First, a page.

How to objectively test a high-end audio system? Part 2

written by Greg

The second and last part of this article continues with the installation of the high-end audio sound system in the customer’s house. We also discuss several aspects of service and repair, as well as quality control management. The article ends with a recap of the most important points from part I and II.

In the second part we will take a closer look at the installation and repair & service processes:
Process QC Manufacturing part 2

The first part covered Quality Control (QC) – you have missed it? No problem, get to first part to catch up before reading on!

Process QC Manufacturing part 1

4) Installation

All the efforts of manufacturing a perfect high-end audio system can become worthless when the system is used in an environment that is not suitable for listening. There are three room-acoustic core parameters to watch:

a) Reverberation

Too much reverberation in a listening room can ruin the listening experience. On the contrary, an absence of reverberation is also not pleasing to the ear. The optimum reverberation depends on the room size. For typical living room size applications, an RT60 time of 0.3 – 0.5s in all frequency bands is recommended. The RT60 measurement uses either a gated pink noise signal, applied to the sound system, or an impulsive sound, such as a bursting balloon.

RT60 decay measurementRT60 Time
(Click image to enlarge)

b) Room reflections

Low frequencies / standing waves
The room resonance frequency can be calculated:

room resonance calculation

 

 

Whereby:

calculation room resonance frequency

 

 

 

 

For typical living room sizes, resonance frequencies will appear in the range of 20 Hz to 100 Hz. The presence of room resonances can be measured by applying the room resonance frequency to the sound system, and then measuring the acoustic level at different positions in the room. If the measurement varies greatly, low frequency reflections are present and need to be eliminated by applying appropriate acoustic treatments, for low frequencies, to the room.

Mid and high frequencies

Reflections of mid and high frequencies appear as a comb filter effect. This effect is not only audible, but also easily measurable. To identify comb filter effects in a room, white noise is applied to the sound system. Then, the spectrum of the sound is measured in the room, using a high-resolution FFT. When the spectrum of the room with a linear-scaled X-axis shows equidistance notches, this is an indication of room reflections.

CombFilterFFT
Comb filter FFT spectrum
(Click image to enlarge)

(b) Ambient noise

Since high-end system are supposed to reproduce every little detail of the original sound, overlapping hum or noise from the environment can be disturbing. The ambient noise can be measured as a simple A-weighted sound level reading.

A more sophisticated way is to use noise curves measurements. Noise curves map the sound level in each octave band against loudness curves where each band is perceived equally.

Recommended NC level values for Recording Studios, Concert halls and similar listening applications are NC 15-20.

NoiseCurve

NC (Noise Criteria) curves
(Click image to enlarge)

5) Repair & Service

In case of repair or service of a high-end audio system, the existing set of measurements from manufacturing QC testing can be applied to identify a faulty system component. Usually the failed measurement indicates the type of failure. When fault diagnostics on circuit board level is required, an audio analyzer with standard functionality such as level, distortion and FFT is most useful.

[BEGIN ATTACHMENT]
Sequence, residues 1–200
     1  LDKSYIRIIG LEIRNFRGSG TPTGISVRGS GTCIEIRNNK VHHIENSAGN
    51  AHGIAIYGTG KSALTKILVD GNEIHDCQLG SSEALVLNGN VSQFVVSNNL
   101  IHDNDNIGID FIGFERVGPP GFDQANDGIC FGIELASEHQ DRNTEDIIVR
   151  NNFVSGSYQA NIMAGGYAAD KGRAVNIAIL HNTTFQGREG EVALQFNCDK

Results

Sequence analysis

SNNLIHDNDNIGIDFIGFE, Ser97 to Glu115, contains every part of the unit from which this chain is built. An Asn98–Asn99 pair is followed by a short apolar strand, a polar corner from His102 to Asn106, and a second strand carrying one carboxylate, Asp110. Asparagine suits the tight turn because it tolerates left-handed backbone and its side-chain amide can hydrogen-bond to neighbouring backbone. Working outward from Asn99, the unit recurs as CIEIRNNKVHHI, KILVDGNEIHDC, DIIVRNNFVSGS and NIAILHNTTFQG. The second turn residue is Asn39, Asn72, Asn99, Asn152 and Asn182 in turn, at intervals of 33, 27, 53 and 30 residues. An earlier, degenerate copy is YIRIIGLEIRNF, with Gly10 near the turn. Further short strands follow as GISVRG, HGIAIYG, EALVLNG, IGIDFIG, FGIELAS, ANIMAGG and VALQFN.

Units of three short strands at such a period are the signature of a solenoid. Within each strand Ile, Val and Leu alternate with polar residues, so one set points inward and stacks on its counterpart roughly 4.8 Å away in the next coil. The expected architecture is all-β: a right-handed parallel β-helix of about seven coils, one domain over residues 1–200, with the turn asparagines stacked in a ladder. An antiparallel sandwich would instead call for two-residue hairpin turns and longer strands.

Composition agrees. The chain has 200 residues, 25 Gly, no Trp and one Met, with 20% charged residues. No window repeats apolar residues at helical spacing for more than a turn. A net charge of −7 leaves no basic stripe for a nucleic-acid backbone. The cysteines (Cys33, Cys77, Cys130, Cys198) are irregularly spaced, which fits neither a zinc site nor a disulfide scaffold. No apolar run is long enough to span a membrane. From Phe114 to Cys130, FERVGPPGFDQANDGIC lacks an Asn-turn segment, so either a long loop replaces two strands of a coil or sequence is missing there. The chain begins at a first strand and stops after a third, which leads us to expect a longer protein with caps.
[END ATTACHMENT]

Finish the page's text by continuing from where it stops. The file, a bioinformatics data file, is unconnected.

electronic labTrouble-shooting in an electronic lab

When critical parts are exchanged, it is important to match the characteristics of the replaced part.

After the repair, the regular device tests defined before are performed for the repaired device. Before shipping, the manufacturing QC system test is executed.

6)    Quality Control Management Aspects

a) Test environment

For acoustic measurements in the R&D, incoming QC and manufacturing QC, an acoustically-stable test environment is the foundation for reliable and reproducible test data. Exact positioning of all loudspeaker models as well as the measurement microphone are crucial. Ambient noise should be held as low as possible. Reflections from room boundaries or obstacles must be covered with acoustic treatment material, or managed by the test system by applying time-window functionality.

Test environmentNearfield QC measurement setup of a monitor loudspeaker
(Click image to enlarge)

b) Documentation

Every measurement procedure in each phase of the production must be documented in a clear and unambiguous manner, making it executable by any technician in the company. When a measurement is performed, the data shall be logged with the serial number of the device or system under test. This allows comparison of results in case of a repair and also indicates the quality of the products over the course of time. Having a complete and traceable set of significant measurement data for each product ever shipped is an important and valuable asset to a company.

c) Calibration

To ensure the accuracy of the measurement system, all relevant devices such as the audio analyzer and the measurement microphone should be calibrated according to the manufacturer’s recommendation. Measurement microphones are sensitive to temperature and humidity changes. Therefore a more frequent periodic calibration with a microphone calibrator is advised.

Wrap Up

• Objectivity over Subjectivity
• Consider the complete signal path including the listening room
• Consistent measurement strategy over product life cycle
• A suitable audio test system covers all requirements
• Complete documentation is an asset to company.

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